United States District Court, S.D. Mississippi, Northern Division
Carlton W. Reeves UNITED STATES DISTRICT JUDGE
the Court is Jennifer Lemoine's motion to dismiss. Docket
No. 11. The matter is fully briefed and ready for
Factual and Procedural History
2015, Louis Thomas sustained injuries in a vehicular
accident. He filed a claim with GEICO, his automobile
insurance company, for uninsured/underinsured benefits
including medical payment benefits. When he became
dissatisfied with GEICO's settlement offer, he and his
wife filed this suit against GEICO alleging breach of
contract and bad faith denial of insurance benefits. Their
suit also claims that GEICO's adjuster, Jennifer Lemoine,
is liable for committing gross negligence in the course of
adjusting their claim.
now contends that the complaint fails to state a claim
considering a motion to dismiss for failure to state a claim,
the Court accepts the plaintiff's factual allegations as
true and makes reasonable inferences in the plaintiff's
favor. Ashcroft v. Iqbal, 556 U.S. 662, 678 (2009).
To proceed, the complaint “must contain a short and
plain statement of the claim showing that the pleader is
entitled to relief.” Id. at 677-78 (quotation
marks and citation omitted). This requires “more than
an unadorned, the defendant-unlawfully-harmed-me accusation,
” but the complaint need not have “detailed
factual allegations.” Id. at 678 (quotation
marks and citation omitted). The plaintiff's claims must
also be plausible on their face, which means there is
“factual content that allows the court to draw the
reasonable inference that the defendant is liable for the
misconduct alleged.” Id. (citation omitted).
Mississippi law, an insurance adjuster “has a duty to
investigate all relevant information and must make a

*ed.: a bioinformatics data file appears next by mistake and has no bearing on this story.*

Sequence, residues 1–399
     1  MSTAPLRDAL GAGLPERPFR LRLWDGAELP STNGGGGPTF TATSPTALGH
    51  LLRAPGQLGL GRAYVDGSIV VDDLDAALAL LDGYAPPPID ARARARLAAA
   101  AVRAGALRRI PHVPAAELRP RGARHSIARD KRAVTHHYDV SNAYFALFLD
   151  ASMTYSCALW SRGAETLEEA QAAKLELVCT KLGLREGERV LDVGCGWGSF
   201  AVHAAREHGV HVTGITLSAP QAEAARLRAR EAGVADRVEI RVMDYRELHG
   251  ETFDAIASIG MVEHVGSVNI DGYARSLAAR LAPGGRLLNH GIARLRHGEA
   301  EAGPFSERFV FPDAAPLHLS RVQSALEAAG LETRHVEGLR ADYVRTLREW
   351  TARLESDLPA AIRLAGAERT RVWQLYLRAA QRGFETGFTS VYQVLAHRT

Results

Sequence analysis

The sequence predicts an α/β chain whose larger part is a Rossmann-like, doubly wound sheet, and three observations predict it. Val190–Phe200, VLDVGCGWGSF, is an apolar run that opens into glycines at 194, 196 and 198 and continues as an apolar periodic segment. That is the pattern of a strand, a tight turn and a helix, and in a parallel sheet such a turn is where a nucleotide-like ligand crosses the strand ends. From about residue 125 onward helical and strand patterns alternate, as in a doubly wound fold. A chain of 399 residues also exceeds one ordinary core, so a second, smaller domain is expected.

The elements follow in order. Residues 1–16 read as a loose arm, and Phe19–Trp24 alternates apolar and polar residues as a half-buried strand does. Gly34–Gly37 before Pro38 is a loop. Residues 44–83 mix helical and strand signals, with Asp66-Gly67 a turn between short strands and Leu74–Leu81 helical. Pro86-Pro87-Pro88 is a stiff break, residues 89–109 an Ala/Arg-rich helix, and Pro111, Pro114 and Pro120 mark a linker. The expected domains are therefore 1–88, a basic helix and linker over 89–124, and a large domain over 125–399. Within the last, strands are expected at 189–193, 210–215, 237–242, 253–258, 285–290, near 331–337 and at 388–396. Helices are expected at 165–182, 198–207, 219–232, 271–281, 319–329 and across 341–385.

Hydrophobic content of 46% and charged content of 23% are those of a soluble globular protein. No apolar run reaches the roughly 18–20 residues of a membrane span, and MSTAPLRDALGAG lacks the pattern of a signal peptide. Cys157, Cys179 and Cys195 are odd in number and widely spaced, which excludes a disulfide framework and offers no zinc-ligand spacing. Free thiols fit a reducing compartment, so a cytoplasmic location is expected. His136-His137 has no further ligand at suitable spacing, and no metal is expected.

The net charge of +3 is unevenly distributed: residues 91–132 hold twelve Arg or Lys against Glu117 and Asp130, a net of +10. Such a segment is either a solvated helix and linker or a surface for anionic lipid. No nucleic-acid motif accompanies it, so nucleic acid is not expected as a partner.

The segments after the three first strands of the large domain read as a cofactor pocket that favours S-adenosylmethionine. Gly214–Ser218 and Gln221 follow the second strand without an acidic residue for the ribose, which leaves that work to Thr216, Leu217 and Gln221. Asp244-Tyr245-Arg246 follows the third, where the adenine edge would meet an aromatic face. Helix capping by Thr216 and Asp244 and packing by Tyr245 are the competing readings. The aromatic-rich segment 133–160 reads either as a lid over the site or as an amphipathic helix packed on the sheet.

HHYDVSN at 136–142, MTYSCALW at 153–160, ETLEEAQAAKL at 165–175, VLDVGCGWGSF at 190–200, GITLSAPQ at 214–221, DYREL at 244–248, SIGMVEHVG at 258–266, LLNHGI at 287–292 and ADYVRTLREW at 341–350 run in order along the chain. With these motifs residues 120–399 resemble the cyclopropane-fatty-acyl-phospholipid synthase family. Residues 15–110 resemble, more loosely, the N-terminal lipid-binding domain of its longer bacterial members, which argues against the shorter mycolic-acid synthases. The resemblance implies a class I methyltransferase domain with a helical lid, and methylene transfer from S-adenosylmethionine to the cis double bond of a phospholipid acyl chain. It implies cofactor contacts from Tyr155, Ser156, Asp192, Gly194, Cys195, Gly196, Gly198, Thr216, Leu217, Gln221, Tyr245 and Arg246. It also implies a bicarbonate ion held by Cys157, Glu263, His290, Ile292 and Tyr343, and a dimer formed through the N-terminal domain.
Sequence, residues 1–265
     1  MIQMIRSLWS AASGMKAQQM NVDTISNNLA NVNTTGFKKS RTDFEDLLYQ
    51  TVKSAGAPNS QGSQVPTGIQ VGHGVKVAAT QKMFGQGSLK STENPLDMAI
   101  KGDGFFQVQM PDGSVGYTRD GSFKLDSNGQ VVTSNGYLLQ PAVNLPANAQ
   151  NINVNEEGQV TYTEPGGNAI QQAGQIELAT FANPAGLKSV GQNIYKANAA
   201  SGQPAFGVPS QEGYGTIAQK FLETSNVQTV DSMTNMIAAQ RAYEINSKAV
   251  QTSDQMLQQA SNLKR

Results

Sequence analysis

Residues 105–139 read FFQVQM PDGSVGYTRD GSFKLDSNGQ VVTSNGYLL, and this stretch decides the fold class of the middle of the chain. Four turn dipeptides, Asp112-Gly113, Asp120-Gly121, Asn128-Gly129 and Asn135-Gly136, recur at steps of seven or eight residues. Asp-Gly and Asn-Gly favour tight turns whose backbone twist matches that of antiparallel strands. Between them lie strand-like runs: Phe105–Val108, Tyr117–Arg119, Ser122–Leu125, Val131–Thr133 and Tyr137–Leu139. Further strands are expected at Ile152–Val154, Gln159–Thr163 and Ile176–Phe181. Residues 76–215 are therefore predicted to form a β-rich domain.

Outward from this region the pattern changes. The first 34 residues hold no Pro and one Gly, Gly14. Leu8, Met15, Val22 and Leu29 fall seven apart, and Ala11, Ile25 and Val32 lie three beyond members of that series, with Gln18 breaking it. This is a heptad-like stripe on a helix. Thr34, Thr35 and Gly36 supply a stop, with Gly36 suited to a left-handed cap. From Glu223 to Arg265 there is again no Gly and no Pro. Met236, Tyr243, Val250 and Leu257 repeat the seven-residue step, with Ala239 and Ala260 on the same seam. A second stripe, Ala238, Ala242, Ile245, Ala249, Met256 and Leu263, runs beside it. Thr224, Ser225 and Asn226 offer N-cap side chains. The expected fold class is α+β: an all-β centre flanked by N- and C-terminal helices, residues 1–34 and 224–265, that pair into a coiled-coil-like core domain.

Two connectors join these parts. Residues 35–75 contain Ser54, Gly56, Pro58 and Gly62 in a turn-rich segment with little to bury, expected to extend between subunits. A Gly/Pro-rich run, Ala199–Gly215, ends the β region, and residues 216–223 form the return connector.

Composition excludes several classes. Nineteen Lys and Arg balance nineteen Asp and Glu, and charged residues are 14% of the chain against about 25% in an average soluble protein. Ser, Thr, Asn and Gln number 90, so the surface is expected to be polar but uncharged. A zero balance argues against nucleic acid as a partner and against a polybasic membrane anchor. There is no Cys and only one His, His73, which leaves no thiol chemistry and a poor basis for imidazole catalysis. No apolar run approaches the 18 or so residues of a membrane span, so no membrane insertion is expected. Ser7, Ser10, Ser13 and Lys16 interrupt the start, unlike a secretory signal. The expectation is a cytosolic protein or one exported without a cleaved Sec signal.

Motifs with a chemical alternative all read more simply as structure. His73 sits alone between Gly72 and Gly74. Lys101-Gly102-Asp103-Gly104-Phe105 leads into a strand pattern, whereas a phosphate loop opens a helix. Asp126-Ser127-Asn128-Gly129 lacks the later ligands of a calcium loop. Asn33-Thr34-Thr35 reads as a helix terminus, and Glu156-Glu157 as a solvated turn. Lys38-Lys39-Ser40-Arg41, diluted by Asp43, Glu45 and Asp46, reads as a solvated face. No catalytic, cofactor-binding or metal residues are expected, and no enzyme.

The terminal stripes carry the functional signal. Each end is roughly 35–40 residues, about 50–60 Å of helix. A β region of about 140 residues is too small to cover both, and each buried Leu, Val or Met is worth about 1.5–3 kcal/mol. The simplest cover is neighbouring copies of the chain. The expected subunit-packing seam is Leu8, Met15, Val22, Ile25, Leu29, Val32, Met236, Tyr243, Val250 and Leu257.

realistic evaluation of a claim.” Bass v.
California Life Ins. Co., 581 So.2d 1087, 1090 (Miss.
1991) (citation omitted). An adjuster “may be held
independently liable for its work on a claim if and only if
its acts amount to any one of the following familiar types of
conduct: gross negligence, malice, or reckless disregard for
the rights of the insured.” Gallagher Bassett
Servs., Inc. v. Jeffcoat, 887 So.2d 777, 784 (Miss.
argues that a mere pocketbook dispute falls short of stating
a gross negligence claim. “[A] ‘pocketbook
dispute' exists when parties are in agreement as to the
extent of damage but disagree on the value to be assigned to
the damage.” Fonte v. Audubon Ins. Co., 8
So.3d 161, 168 (Miss. 2009), as modified on denial of
reh'g (May 14, 2009).
supporting cases stand for the proposition that judgment as a
matter of law is appropriate when the evidence adduced at the
summary judgment stage or at trial reveals the case to be a
pocketbook dispute. E.g., State Farm Mut. Auto.
Ins. Co. v. Roberts, 379 So.2d 321, 322 (Miss. 1980).
That may turn out to be true for the Thomases, but the
argument cannot be adjudicated today because we have not yet
seen the evidence. The question today is whether the
Thomases' allegations make out a claim of gross
negligence, malice, or reckless disregard.
Thomases' complaint alleges that Lemoine's adjustment
was made “based on her personal experience being
married to a National Guard member and that the injuries of
Louis Thomas were not related to his automobile
accident.” Docket No. 1, at 4. The former is probably
not an acceptable standard of adjustment in the insurance
industry, and the Thomases plainly think Lemoine's latter
assertion was grossly negligent or made with reckless
disregard for their rights. That is enough to state a claim
under Mississippi law.
then goes deeper into the details of the Thomases' claim
to argue that her adjustment was reasonable given all the
facts. Again, though, those facts are not in the record- we
only have the Thomases' allegations. Lemoine can raise
her arguments again after all of the facts have been gathered